Larsen, Cantwell pledge support for beefier border

Published on Thu, Sep 20, 2001 by Meg Olson

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Larsen, Cantwell pledge support for beefier border

By Meg Olson

“The world changed on September 11. It changed our lives immensely and things may be changed forever, but that doesn’t mean we stop,” said U.S. representative Rick Larsen standing in the shadow of a long line of trucks at the Pacific Highway port of entry. “We need to keep our borders open but with a heightened sense of security. We need to get back to our business in America.”

Larsen and U.S. senator Maria Cantwell toured local border facilities Monday and pledged their support for the efforts of customs, immigration and border patrol staff to tighten the U.S/Canada border, yet keep traffic moving. “This is the highest level of awareness for U.S. customs and immigration,” Cantwell said. “People are doing their jobs. Clearly we’ll be rethinking our national security issues. There’s going to be a delicate balance between security and consumer interest.”

The federal legislators promised to work for more funding to get the manpower and technology needed to keep travelers and trade under heightened scrutiny while crossing the northern border . “We’re going to make sure there are dollars available for increased activity at the northern border,” Larsen said.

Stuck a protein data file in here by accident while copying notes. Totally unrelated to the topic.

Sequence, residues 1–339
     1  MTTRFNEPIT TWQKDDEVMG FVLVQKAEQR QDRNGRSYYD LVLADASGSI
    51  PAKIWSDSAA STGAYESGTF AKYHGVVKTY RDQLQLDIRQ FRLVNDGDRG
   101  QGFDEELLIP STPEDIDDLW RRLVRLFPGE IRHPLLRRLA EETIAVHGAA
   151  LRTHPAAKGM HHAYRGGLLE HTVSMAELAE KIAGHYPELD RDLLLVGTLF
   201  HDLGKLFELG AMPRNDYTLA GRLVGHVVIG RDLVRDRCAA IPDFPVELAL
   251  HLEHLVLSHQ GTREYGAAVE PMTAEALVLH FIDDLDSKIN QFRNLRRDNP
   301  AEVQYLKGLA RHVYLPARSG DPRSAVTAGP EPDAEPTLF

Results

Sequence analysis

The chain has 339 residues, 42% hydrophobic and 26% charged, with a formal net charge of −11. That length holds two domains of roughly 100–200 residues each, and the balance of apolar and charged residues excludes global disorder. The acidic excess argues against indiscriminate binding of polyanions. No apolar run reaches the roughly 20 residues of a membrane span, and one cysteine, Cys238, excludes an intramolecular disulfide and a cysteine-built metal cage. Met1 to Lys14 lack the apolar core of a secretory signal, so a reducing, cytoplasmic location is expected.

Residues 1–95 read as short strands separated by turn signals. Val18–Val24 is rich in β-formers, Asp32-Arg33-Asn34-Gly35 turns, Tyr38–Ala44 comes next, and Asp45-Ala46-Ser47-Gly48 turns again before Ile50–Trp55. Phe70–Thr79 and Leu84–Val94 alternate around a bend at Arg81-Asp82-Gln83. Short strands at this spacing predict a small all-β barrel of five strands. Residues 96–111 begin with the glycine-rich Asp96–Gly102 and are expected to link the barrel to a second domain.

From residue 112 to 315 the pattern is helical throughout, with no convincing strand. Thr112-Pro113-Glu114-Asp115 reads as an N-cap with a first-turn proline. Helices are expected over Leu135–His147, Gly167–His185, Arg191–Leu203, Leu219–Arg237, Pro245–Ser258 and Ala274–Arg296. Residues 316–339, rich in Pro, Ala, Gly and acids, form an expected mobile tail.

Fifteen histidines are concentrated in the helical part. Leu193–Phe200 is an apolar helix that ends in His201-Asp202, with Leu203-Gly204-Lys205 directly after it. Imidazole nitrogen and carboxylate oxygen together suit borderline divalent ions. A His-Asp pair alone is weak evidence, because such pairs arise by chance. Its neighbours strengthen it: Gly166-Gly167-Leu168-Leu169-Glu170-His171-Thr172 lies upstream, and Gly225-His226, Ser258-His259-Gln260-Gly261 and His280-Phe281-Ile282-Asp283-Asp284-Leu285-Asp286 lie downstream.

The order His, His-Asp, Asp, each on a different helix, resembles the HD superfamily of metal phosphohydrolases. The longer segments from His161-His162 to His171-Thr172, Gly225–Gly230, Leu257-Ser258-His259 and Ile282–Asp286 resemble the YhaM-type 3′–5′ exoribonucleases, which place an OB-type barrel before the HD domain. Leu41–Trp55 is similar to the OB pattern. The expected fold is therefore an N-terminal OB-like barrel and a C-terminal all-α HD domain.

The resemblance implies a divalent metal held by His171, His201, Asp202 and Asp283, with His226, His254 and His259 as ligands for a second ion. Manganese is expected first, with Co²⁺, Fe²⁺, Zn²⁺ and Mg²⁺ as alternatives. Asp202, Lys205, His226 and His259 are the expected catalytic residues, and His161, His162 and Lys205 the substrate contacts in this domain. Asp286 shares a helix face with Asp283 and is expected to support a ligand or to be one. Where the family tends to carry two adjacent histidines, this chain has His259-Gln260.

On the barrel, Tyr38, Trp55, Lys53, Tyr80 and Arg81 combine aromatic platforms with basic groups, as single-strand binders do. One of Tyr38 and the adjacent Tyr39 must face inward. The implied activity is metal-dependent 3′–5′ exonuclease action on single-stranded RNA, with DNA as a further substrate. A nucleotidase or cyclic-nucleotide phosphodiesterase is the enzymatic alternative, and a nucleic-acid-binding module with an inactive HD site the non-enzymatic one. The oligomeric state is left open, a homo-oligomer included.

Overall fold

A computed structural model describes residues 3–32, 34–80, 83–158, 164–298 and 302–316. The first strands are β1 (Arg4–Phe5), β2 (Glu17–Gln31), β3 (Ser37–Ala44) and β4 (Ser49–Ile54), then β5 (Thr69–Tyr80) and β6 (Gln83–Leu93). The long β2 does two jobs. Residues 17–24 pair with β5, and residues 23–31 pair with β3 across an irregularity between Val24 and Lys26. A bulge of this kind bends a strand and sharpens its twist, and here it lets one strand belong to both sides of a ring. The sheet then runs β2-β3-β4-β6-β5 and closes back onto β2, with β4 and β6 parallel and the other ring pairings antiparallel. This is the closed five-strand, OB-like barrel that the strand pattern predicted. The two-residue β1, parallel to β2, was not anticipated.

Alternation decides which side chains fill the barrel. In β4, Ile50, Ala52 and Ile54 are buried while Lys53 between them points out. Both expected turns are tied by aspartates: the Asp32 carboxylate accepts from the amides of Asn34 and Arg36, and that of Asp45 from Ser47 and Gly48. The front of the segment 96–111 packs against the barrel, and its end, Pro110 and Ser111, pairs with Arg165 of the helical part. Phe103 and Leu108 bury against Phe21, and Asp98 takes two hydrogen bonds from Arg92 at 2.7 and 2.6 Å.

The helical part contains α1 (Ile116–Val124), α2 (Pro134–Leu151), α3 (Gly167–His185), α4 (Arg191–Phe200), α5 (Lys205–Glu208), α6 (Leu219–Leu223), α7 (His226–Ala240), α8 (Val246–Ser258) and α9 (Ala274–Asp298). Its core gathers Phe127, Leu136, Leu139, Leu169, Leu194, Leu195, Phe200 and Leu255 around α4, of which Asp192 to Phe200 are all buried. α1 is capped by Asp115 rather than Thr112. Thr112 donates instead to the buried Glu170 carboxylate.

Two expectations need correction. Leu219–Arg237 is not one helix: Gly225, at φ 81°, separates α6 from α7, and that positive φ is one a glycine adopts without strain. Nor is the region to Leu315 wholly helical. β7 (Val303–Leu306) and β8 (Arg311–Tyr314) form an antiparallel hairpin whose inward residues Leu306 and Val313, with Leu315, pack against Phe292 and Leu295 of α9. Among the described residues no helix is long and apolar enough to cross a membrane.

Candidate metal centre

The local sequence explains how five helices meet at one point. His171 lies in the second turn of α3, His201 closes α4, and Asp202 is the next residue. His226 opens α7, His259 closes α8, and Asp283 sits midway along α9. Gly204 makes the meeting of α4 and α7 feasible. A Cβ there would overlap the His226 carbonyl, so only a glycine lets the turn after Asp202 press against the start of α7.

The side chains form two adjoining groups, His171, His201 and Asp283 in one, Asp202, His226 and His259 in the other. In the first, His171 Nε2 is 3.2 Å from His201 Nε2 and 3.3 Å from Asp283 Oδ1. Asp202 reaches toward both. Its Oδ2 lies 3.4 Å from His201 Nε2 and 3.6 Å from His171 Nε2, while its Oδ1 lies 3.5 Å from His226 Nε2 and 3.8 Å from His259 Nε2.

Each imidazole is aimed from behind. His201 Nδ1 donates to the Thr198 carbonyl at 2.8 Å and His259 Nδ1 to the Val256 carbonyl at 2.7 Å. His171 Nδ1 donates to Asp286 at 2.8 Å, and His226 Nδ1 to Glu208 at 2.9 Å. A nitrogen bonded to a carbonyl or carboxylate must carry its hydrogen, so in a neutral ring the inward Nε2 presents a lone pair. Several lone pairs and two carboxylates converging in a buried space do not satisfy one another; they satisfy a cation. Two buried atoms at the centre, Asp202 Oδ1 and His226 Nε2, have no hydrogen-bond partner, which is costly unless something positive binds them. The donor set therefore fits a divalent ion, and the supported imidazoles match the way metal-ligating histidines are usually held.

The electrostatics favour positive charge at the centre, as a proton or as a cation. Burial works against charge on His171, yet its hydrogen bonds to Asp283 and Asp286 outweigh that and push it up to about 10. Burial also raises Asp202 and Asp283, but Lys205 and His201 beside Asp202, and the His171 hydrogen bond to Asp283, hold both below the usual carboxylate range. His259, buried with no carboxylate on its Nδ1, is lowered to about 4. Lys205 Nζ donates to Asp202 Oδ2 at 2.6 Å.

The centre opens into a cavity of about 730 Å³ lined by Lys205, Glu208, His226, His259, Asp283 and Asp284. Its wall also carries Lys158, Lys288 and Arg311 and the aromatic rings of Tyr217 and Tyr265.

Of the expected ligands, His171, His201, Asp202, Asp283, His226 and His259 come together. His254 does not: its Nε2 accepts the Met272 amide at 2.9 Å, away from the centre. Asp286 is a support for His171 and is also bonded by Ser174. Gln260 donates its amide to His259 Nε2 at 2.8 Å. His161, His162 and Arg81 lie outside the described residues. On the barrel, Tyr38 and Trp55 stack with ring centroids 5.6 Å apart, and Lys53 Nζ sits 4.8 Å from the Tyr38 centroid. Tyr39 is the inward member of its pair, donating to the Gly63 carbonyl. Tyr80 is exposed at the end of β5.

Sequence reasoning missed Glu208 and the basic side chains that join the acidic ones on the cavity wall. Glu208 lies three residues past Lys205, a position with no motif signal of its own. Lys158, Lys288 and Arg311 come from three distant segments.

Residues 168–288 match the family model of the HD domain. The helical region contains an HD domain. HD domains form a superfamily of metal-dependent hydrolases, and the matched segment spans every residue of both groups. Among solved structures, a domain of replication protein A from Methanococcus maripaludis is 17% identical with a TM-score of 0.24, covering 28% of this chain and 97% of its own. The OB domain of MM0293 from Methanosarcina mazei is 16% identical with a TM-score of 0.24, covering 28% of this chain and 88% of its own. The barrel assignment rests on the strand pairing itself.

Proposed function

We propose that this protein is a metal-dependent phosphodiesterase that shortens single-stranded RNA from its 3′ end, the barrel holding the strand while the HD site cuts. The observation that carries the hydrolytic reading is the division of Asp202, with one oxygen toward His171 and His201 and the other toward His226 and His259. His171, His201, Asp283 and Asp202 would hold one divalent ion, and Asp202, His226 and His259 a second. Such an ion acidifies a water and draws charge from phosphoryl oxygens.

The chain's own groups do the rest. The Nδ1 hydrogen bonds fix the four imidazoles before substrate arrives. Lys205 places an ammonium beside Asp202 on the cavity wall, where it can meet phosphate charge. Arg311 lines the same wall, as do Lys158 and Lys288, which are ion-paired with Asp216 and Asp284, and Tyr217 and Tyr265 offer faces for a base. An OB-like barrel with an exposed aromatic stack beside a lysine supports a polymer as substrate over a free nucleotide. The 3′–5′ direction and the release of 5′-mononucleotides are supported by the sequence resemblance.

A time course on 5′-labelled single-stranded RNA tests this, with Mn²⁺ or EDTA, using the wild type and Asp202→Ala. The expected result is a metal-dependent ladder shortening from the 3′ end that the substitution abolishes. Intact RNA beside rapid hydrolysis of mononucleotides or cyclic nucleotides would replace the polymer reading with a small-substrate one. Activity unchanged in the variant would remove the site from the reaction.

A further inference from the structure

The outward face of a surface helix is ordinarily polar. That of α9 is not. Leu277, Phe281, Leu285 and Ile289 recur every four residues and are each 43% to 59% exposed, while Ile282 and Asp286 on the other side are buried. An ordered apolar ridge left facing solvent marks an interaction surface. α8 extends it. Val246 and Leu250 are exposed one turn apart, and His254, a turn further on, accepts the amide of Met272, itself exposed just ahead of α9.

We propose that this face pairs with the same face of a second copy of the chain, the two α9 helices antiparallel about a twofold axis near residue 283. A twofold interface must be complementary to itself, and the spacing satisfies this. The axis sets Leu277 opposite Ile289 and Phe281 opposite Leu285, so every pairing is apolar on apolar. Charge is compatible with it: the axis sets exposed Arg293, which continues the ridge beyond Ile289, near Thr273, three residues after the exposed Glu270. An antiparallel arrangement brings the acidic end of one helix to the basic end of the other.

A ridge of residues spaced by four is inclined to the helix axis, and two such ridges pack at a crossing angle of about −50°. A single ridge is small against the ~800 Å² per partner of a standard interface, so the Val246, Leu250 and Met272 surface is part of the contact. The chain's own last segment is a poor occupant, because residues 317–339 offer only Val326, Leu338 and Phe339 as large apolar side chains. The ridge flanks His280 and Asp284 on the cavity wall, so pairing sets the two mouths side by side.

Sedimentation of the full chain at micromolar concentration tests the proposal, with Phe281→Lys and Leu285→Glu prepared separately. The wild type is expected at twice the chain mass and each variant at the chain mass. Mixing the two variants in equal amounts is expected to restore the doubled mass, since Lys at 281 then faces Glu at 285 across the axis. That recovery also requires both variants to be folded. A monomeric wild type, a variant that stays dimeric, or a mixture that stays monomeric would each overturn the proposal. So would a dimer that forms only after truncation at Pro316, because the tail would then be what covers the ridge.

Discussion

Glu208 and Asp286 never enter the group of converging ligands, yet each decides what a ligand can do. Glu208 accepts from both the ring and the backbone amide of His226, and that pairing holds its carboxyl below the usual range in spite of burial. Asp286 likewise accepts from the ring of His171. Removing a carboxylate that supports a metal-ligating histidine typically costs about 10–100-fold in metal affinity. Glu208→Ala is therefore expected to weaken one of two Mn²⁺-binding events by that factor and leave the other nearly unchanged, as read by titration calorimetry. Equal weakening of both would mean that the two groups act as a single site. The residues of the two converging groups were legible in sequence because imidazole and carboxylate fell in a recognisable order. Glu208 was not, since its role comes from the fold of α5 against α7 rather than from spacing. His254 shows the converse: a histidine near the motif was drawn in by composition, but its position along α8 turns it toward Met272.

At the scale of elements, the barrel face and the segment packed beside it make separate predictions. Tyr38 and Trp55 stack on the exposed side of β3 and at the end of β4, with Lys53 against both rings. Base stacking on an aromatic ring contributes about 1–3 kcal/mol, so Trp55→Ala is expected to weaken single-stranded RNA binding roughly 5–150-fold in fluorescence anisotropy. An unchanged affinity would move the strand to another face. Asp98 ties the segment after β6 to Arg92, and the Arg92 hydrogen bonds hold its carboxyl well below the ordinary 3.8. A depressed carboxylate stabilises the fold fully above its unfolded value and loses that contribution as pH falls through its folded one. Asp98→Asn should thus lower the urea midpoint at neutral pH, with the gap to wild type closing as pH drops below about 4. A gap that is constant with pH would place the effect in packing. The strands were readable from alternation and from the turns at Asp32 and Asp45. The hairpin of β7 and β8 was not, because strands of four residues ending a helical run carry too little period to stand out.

Larsen said he would be drafting a letter to President George Bush asking that local borders get a portion of the $40 million congress earmarked for rebuilding after last week’s attacks in New York and Washington, D.C. “Special attention needs to be paid to the northern border,” he said.

Larsen and other members of the Northern Border Caucus, a group of legislators from districts along the border, are asking for funding to increase the number of agents along the northern border, improve infrastructure at key ports of entry and expedite the implementation of technological alternatives to lengthy inspections. “We’re going to be looking at it this week and work on trying to expedite things,” Cantwell said. “There’s infrastructure here. You could move more people if you had more personnel.”

Some relief may already be on the way. Both the senate and house versions of the appropriations bills specifically identify the northern border as a sore spot in need of an infusion of cash and manpower. The senate bill, which passed unanimously September 13, includes $25 million to increase the number of customs agents at the northern border, and language directing the Immigration and Naturalization Service (INS) to put 25 percent of new agents on the northern border. House bills ask for $15 million for new customs agents and direction to send some of the 570 new border patrol positions north. Those bills will now go into conference to work out differences between the house and the senate versions before becoming law.